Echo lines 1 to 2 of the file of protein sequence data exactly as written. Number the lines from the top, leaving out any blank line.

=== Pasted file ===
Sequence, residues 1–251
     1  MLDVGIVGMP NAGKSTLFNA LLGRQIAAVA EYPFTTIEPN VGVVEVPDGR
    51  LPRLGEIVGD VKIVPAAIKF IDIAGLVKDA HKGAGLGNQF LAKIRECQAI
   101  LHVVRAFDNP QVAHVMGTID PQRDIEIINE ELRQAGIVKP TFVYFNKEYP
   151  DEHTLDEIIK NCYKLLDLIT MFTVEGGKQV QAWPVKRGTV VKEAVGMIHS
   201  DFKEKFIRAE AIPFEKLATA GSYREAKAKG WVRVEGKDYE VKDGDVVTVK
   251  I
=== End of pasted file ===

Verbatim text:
Sequence, residues 1–251
     1  MLDVGIVGMP NAGKSTLFNA LLGRQIAAVA EYPFTTIEPN VGVVEVPDGR